October 1st, 1996, a new era at Arsenal begins.

Nearly one month later, on November 10th, a legend (writing this) was born.

Growing up watching English football, Arsene Wenger was the only Arsenal manager I had ever known, and watching my Dad (an Arsenal fan) celebrate in front of the TV almost every weekend massively contributed to me becoming a Gooner myself. The first full Premier League season I watched was our Invincibles season of 2003-04, and at that point I had decided that I was going all in on the red & white of north London. Players like Robert Pires, Dennis Bergkamp, Patrick Vieira, and the ever-iconic Thierry Henry were at the forefront of that spectacular campaign, all being guided by the man who went by the moniker, “Le Prof”.

Exciting, attractive football, fearlessness, and complete dominance, I had found my team. As I grew older, I learned more about the man behind the masterpiece, what he had accomplished before my “arrival” as a fan, and what he meant to the club. Having no other manager to contrast him to, I put him on a pedestal as the greatest my club has ever seen.

I got so many adrenaline rushes watching this team than I could handle: an understanding of the North London Derby and always finishing above Spurs, aggressive head-to-heads vs. Manchester United, and some really memorable Champions League performances (before we started getting Bayern every year). I entered the Arsenal picture late during Arsene’s first decade in charge, but I enjoyed it nonetheless. The peak of that adrenaline was the 2006 Champions League final, against Barcelona. Losing that game was devastating for me, and to this day, remains the worst defeat I’ve experienced as an Arsenal fan to date.

Still, there was a sense of optimism because we were going to be moving to the Emirates, getting “bigger & better”, and all that. Unfortunately, in the last decade or so, Mr. Wenger wasn’t able to replicate his previous form, and we faltered significantly, especially in the last 5 years. The 3 FA Cups helped ease the pressure a bit, but he left the club with a somewhat bittersweet taste; many fans feel his latter disappointments outweigh his former successes. Personally, I still feel he’s our club’s greatest manager, and I’ll always respect him. Even though we never quite reached the standards he had set so highly for himself, there were some great memories in between that will stay with me for life.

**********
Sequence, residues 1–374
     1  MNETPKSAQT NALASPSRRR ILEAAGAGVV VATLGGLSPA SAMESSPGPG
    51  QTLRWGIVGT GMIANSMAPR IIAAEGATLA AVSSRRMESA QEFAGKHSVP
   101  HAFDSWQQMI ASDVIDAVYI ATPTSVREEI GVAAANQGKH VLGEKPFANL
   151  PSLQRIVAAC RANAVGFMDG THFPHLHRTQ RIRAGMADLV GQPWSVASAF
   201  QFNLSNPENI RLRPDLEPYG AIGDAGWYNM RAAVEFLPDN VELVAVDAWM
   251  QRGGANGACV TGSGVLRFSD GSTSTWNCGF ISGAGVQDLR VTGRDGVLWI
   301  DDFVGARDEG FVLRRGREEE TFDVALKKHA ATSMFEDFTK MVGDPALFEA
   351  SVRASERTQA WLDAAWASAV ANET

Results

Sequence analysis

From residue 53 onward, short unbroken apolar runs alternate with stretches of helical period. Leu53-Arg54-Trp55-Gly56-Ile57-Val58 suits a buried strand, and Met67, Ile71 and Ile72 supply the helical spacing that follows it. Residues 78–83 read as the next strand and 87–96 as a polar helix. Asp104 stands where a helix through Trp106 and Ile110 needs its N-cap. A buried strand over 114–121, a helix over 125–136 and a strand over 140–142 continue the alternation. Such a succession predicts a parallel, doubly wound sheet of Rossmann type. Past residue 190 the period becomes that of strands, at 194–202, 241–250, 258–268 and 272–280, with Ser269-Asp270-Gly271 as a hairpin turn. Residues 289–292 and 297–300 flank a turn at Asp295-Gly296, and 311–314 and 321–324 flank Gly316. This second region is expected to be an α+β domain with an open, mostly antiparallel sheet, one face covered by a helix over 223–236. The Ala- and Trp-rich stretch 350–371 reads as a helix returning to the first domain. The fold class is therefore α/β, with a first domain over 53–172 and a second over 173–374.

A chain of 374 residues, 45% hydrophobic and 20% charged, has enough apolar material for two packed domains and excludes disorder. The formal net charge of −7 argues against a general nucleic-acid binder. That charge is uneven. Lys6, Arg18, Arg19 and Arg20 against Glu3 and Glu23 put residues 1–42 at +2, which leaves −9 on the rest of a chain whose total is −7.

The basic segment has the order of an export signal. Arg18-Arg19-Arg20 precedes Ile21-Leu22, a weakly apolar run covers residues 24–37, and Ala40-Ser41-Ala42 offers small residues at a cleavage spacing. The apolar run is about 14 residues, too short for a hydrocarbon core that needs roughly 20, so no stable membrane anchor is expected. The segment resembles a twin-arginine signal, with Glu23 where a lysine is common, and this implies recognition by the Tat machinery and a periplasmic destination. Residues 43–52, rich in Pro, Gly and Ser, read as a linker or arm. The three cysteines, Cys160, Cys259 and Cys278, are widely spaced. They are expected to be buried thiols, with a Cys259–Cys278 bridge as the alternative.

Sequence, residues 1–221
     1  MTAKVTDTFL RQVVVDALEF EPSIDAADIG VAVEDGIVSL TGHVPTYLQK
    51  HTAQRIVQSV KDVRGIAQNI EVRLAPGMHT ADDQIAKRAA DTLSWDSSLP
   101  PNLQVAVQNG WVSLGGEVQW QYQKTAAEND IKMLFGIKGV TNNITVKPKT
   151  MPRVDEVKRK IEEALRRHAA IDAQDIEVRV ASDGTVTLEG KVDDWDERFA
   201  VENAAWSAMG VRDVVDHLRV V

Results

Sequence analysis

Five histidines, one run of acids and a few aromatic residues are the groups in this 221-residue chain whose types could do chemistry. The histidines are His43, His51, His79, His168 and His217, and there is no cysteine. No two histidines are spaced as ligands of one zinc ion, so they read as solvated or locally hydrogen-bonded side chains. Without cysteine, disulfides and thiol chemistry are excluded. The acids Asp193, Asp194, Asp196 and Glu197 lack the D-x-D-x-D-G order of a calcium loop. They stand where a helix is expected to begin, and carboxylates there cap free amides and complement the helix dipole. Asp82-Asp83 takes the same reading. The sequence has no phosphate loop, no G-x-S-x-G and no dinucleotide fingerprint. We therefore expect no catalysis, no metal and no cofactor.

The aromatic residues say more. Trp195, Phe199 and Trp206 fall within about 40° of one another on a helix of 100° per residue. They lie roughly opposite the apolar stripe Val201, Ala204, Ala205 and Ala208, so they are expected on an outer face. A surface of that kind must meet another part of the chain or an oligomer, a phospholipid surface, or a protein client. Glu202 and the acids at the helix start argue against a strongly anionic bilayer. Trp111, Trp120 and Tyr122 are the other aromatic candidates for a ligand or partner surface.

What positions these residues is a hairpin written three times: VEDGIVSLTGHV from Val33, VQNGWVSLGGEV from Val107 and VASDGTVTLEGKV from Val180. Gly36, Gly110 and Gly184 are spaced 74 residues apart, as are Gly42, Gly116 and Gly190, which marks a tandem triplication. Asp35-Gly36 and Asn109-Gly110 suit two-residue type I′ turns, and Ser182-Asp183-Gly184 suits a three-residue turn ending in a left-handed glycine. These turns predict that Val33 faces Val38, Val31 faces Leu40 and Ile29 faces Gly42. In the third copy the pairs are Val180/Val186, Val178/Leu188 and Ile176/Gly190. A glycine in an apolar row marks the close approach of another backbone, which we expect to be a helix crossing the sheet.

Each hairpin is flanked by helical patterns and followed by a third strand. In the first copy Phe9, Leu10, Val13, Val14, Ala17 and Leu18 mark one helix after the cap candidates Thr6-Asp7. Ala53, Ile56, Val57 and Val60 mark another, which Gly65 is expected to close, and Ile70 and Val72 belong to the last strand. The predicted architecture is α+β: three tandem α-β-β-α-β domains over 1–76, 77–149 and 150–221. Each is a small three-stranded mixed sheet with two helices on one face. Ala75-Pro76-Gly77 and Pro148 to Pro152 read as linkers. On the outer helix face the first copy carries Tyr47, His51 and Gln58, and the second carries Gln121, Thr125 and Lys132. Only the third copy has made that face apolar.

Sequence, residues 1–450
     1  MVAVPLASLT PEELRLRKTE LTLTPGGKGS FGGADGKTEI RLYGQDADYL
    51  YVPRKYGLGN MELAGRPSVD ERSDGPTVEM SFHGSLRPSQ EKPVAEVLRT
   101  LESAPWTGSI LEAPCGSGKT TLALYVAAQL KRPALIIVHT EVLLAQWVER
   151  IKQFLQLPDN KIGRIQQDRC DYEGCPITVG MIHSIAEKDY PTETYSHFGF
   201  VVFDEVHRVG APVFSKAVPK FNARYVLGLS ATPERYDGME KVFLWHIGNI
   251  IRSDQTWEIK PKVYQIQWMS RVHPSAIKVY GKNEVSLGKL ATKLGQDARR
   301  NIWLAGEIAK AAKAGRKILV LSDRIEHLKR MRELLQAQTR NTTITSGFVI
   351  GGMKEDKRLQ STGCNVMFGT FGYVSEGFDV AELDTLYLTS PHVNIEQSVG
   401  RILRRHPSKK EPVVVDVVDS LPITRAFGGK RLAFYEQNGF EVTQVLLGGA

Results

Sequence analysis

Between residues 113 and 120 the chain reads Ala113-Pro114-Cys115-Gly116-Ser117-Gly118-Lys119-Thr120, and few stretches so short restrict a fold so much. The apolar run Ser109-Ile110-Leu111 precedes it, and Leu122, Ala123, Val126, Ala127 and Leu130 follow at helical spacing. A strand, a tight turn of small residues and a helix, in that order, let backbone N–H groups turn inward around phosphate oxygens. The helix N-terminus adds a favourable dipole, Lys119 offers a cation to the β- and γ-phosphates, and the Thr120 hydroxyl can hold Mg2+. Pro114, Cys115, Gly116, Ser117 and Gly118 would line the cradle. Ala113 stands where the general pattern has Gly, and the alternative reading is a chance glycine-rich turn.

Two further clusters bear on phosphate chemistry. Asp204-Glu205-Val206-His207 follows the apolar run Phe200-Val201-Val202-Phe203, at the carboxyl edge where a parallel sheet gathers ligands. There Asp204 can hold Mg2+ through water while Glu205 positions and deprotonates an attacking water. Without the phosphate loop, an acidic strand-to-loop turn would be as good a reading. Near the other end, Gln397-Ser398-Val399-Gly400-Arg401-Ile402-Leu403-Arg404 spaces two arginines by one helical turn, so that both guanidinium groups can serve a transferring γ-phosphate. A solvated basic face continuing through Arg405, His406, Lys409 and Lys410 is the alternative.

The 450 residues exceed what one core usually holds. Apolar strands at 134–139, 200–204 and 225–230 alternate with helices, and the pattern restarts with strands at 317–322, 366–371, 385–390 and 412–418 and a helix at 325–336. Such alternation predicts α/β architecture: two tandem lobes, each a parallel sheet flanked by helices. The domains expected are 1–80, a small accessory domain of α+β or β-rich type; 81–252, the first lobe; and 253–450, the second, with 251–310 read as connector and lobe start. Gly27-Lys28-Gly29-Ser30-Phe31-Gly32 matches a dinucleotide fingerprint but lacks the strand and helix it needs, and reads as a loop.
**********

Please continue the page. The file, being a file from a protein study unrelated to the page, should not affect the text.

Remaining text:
In the spirit of the upcoming World Cup, I thought I might as well compile a 23-man squad of Wenger players whom I’ve respected most during his tenure. Assuming the formation is 4-4-2:

STARTING XI
GK: David Seaman

RB: Bacary Sagna
RCB: Sol Campbell
LCB: Kolo Toure
LB: Ashley Cole

RM: Robert Pires
RCM: Patrick Vieira
LCM: Cesc Fabregas
LM: Dennis Bergkamp

RS: Robin van Persie
LS: Thierry Henry

BENCH
GK: Jens Lehmann
DF: Lauren
DF: Thomas Vermaelen
MD: Mesut Ozil
MD: Santi Cazorla
FW: Andrei Arshavin
FW: Alexis Sanchez

RESERVES
GK: Manuel Almunia
DF: Laurent Koscielny
MD: Gilberto Silva
MD: Samir Nasri
FW: Lukas Podolski



NOTABLE MENTIONS: Tomas Rosicky, Aaron Ramsey, Alex Song, Alexandre Lacazette, Henrikh Mkhitaryan, Pierre-Emerick Aubameyang, Jack Wilshere

Just to add the cherry on top, there’s a collection of Wenger’s greatest victories in Europe courtesy of UEFA TV, heres the link: https://www.youtube.com/watch?v=P6nyollHWwQ

Through the highs and the lows, Arsene Wenger has undoubtedly given me some of my greatest footballing memories. For giving me a club to cherish and support, I say, Merci Arsene.

Twitter: @Wenguss
IG: @wengusskhan